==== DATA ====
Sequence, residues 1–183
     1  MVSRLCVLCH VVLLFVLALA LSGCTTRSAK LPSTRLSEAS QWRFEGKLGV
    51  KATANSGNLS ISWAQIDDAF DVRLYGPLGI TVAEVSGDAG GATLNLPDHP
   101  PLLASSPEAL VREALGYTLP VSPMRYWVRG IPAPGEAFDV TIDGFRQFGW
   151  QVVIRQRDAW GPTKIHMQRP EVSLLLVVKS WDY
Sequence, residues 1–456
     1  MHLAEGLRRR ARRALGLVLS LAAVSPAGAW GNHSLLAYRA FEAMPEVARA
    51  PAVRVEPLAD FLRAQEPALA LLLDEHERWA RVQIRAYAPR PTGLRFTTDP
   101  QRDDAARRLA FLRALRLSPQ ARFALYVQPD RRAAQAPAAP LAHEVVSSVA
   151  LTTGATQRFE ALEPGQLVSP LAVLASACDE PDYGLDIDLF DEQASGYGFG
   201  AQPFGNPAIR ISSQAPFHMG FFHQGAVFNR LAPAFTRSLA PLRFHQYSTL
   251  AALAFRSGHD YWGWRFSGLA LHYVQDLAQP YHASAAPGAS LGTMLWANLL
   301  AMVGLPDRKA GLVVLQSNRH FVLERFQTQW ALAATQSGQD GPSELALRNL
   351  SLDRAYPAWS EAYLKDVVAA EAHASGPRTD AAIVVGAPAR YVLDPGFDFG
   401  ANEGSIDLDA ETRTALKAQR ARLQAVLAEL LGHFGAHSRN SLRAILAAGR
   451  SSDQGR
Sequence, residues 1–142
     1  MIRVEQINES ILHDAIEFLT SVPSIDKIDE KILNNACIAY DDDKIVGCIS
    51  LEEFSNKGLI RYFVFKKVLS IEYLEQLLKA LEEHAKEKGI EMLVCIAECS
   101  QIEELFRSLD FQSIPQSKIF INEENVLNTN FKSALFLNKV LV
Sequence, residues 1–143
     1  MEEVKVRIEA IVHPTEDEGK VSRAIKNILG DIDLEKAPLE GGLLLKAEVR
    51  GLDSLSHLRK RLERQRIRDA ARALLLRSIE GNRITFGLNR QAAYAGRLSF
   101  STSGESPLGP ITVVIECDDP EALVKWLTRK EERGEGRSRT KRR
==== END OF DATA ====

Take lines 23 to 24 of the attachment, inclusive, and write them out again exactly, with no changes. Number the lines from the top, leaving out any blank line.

    51  GLDSLSHLRK RLERQRIRDA ARALLLRSIE GNRITFGLNR QAAYAGRLSF
   101  STSGESPLGP ITVVIECDDP EALVKWLTRK EERGEGRSRT KRR